Conversely there’s a problem in England. A level physics (that’s pre-college physics – though a lot people refer to A level as college, it’s more pre-university). Calculus has been removed from the curriculum, among other things. The course has become less science/technical and more wordy. The average student if they progress to university is finding themselves less prepared than previous generations. But also, because of the internet the above average students are way ahead of previous generations as they’ve been able to access university quality materials from the web.

    “Young people can’t write in standard English because their communications skills are forming around texting. They don’t use sentences, let alone paragraphs. Why, really, is this?

    One reason is face-to-face communications are much, much more difficult than sterile text (Psychology texts have consistently said, over the course of decades, that 80% of what we communicate face-to-face is non-verbal.)”

    I hate it when psychologists use neat sounding stats like 80%. It’s far more complex. There is a connection between the non-verbal elements in face-to-face communication, and the cliched argot of teen texting. The verbal content can be largely without meaning – it’s largely social grooming.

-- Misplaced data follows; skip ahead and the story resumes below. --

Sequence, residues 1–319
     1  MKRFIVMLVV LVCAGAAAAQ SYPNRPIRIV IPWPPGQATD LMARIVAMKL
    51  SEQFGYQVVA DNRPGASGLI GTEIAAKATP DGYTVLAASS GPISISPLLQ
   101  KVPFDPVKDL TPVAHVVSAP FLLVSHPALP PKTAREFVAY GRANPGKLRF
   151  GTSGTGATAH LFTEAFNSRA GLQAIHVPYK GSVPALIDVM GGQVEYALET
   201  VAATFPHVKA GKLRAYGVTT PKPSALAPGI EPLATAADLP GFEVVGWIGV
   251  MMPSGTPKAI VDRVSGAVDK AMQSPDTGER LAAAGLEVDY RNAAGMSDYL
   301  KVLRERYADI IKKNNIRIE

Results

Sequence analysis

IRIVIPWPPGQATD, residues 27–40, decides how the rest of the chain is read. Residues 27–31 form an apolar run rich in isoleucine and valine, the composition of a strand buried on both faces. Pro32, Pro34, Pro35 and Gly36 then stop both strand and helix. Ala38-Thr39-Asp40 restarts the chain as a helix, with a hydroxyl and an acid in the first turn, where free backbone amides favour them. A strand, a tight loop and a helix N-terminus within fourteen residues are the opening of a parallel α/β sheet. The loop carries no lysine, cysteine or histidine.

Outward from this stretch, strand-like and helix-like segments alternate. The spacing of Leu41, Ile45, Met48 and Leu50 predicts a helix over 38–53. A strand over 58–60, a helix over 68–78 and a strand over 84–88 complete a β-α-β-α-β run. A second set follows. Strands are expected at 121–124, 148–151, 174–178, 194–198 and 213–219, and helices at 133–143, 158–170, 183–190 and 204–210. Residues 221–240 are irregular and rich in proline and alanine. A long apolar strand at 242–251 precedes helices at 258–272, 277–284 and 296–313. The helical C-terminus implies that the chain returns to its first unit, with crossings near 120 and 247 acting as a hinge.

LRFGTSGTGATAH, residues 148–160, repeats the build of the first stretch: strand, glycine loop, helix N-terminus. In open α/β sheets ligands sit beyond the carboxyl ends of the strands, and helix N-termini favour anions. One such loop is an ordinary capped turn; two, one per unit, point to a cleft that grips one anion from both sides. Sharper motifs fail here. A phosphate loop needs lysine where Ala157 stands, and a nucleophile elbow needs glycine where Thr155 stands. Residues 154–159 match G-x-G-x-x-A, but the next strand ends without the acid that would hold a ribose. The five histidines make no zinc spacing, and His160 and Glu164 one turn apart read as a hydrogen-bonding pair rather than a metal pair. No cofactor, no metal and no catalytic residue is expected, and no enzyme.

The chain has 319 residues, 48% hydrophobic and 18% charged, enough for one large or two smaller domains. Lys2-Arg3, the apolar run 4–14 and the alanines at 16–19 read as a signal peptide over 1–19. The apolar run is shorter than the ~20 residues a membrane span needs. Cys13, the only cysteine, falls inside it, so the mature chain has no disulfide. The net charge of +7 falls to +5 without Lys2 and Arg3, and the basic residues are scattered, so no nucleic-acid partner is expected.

“, and English itself, while very expressive for the competent user, is a very difficult language to learn. Nonetheless, even very well educated members of our society can be blithely unaware of the large amount of subtext in face-to-face communication. The culture in which they live primes their minds to be aware of the content of the words, but less consciously aware of the gestures, facial expressions, and flush of the skin.”

    Ray Liotta was interviewed the Guardian recently. He says he won’t make jokes in interviews anymore, because so many young journalists can’t tell he’s making a joke, and the quote is printed as serious. If he does make a joke, he has to suffix it with a “THAT WAS A JOKE”.